“The apparent truth is that our industry is not as far along as some would want to believe, thus sending the wrong message that may result in additional problems and delays,” he said. “The question that needs to be asked is why the rush? Granted, new 5G applications and devices will, no doubt, generate new revenue—but at the same time, many of the proposed use cases for 5G can be effectively accomplished using existing technology today”—including Gigabit LTE. “Research backed with adequate modeling and simulations takes time to do, to discuss, and to incorporate into the standards,” he said. “As an industry, we need to get it right, since this is the first time in our industry that so many other industries will be impacted—for example, automotive, critical communications, medical, transportation, and agriculture, to name a few.”

Khan at Anritsu also commented on test methodology. “The first version of the 5G NR standard has been completed; however, there are no approved tests included in the specification,” he said. “Test methodologies must still be developed. Until then, verification parameters may vary between chipset manufacturers, device makers, and operators.”

Figure 2. Tektronix Figure RSA7100A wideband signal analyzer with SignalVu

Khan added, “Perhaps the biggest issue, however, is economics. 5G components, devices, and systems must all be developed at an efficient price point, which places a great deal of pressure on keeping cost-of-test low. This is particularly difficult for a few reasons. First, the adoption of mmWave technologies in 5G inherently increases the cost of test, due to complexities associated with higher frequencies.”

Khan continued, “Another key cost variable is OTA testing, which is necessary because it will be impossible to separate the antenna from the other components in a 5G device. Without approved test standards, chipset and device manufacturers will have to develop custom modulations and OTA chambers. Additionally, the lack of ratified test standards means there is no consensus as to how many test points are required for OTA tests. There must be a balance between ‘as few as possible’ to control costs yet enough to have a high degree of design confidence.”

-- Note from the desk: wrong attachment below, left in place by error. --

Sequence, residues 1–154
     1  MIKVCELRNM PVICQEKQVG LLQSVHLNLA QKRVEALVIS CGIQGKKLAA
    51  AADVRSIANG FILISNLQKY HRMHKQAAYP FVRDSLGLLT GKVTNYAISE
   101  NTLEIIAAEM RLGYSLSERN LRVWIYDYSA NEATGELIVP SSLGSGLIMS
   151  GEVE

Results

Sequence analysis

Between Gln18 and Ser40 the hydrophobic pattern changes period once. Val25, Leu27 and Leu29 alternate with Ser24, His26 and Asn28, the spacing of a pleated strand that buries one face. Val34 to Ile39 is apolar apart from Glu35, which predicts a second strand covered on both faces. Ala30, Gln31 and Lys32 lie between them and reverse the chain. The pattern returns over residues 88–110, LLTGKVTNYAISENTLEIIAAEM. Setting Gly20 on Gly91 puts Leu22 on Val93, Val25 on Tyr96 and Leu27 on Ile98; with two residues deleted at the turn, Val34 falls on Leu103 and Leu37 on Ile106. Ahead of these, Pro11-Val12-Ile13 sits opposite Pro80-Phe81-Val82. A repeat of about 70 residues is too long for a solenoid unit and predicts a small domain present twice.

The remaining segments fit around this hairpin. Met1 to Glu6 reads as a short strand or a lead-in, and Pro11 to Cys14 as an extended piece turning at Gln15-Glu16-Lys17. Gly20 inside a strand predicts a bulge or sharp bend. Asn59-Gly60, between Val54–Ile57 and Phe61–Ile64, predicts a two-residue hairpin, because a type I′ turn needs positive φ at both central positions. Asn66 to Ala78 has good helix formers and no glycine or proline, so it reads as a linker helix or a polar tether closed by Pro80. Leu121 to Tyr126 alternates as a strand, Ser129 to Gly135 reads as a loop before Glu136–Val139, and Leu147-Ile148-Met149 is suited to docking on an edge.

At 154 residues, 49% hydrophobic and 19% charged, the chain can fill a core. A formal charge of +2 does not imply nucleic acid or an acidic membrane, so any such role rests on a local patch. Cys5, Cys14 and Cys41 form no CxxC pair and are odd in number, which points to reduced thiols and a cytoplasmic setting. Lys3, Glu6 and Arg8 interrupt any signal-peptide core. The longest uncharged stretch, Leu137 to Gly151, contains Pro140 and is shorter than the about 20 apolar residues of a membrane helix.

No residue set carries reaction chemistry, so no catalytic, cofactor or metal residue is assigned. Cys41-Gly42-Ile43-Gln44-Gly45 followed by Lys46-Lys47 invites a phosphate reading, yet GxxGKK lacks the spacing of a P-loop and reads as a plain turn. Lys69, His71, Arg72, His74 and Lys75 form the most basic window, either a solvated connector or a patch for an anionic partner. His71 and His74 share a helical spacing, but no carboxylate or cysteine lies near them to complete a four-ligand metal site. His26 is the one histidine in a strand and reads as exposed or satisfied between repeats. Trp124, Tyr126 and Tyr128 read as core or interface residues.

From R&D to production

As for his company’s strategy, Khan said, “Anritsu provides test solutions that can be used during different phases of testing, transcending from R&D to production, to ensure optimal operation of components and systems in accordance with the recently approved 5G New Radio (NR) standard. We have developed test instruments to efficiently and accurately measure mmWave 5G components, including antennas, as well as devices in OTA environments. To ensure the proper deployment and operation of fiber cables in end-to-end (E2E) scenarios, Anritsu has enhanced its optical test solutions.”

Sarah Yost, senior product manager, National Instruments, commented that test and measurement will be key to the 5G commercialization cycle. “Test systems must expand beyond the physical layer to quickly and cost-efficiently test these new multiantenna technologies with controllable/steerable beams,” she said. “Additionally, these systems must address the new mmWave-capable devices with extremely wide bandwidths. These test solutions must not only be able to test the important parameters of a device but also be cost-effective for 5G to reach its potential and achieve widespread adoption.”

Consequently, she said, 5G requires a different approach for wireless-device and system test. “For example, system-level OTA test must become standard in the 5G ecosystem,” she noted. “OTA test presents several challenges, but perhaps the most daunting pertains to the environment in which the test equipment and the device under test must coexist. Air is an unpredictable medium, and the channel itself varies over time and environmental conditions. Wireless test engineers must isolate the channel in the OTA scenario and control the device on a per-beam basis to effectively ‘test’ the device.”

She also noted that companies including Intel have introduced early phased-array antenna modules featuring an antenna attached directly to the RF front end to minimize system losses. “Because access to the device is limited, the test equipment must step up in frequency to the mmWave bands and characterize key performance metrics beam-by-beam,” she said.
“Finally, whereas bandwidth is a familiar test challenge, the tested bandwidth of 5G is expected to increase by 50X over a standard LTE channel,” Yost said. “At these bandwidths, test systems must not only generate and acquire wider bandwidth waveforms but also process all that data in real time.”